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Barrier-free policies extended to copyright

By CHENG SI | China Daily | Updated: 2023-05-12 09:38
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China is extending the concept of a barrier-free environment beyond simply provisions for physical needs.

China has just marked the first anniversary of the implementation of the Marrakesh Treaty on May 5 — the first and only human rights treaty in the field of copyright around the world — after it took effect in the nation last year.

Li Chen, a professor from the Law School of Renmin University of China, said at a forum on constructing a barrier-free environment on Thursday in Beijing that the implementation of the treaty has extended people's understanding of the barrier-free environment from only physical needs to allowing copyright exceptions for visually impaired people so they can access copyrighted books and other works.

Liu Dongxiao, an official from the China Braille Library, said at the forum that the implementation of the treaty has broken some limitations of copyrights to meet the reading needs of the visually impaired, but it will take time to improve public awareness and acceptance of cultural services for the disabled.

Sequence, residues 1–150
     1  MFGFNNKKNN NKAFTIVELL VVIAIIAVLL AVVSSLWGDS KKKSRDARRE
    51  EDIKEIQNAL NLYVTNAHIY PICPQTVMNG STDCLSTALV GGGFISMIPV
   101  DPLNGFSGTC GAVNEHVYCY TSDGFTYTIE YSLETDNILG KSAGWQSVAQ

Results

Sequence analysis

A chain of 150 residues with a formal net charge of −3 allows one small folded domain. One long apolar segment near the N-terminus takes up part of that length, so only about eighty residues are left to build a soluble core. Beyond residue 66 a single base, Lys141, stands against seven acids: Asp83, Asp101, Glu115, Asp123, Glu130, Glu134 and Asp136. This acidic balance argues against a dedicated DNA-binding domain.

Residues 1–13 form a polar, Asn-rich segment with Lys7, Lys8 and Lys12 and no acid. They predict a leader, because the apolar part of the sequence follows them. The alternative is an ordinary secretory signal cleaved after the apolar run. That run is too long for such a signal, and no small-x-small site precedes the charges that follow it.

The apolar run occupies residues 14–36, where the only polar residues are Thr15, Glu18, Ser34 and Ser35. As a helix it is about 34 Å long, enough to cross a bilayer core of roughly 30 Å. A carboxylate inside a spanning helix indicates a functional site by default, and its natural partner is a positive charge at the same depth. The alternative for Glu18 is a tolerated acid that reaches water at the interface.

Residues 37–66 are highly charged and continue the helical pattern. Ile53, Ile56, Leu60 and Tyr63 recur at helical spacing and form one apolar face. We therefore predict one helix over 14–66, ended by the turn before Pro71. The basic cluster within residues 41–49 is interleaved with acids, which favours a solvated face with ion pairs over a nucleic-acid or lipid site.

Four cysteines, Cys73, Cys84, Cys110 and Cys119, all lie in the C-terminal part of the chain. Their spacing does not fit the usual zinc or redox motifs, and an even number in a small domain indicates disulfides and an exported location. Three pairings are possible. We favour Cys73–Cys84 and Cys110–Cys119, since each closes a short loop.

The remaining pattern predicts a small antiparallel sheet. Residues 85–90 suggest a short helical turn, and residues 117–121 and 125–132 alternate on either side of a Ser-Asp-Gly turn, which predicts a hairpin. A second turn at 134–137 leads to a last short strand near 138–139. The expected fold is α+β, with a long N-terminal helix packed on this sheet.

"It's necessary to improve cooperation and resource sharing among different service providers domestically and build up a mechanism for international cooperation. We still have technical barriers, so we hope for more help from both government bodies and society," she added.

Some legislative actions have also helped children, pregnant women, the elderly and people in need gain access to barrier-free facilities and services.

In late April, the draft law on the construction of a barrier-free environment was submitted to the Standing Committee of the National People's Congress, China's top legislature, for a second review. The draft law is open for public opinion.

"Compared with the barrier-free environment construction regulation implemented in 2012, the draft law extended its coverage from disabled people to all members of society. It's an all-round law containing design, construction and maintenance of barrier-free facilities, as well as media promotion, standards construction and supervision of the barrier-free environment," Sun Jiling, an associate professor from the Nanjing Normal University of Special Education, said at the forum in Beijing.

He hopes the law can be better promoted — for example, by sign language — to help more people learn about it.

"Building up a barrier-free environment takes time and is quite a complicated process, and I hope that the nation can apply the idea of creating a barrier-free environment to the amendments of other related laws and regulations. It's also important to enhance the supervision of law enforcement," he said.

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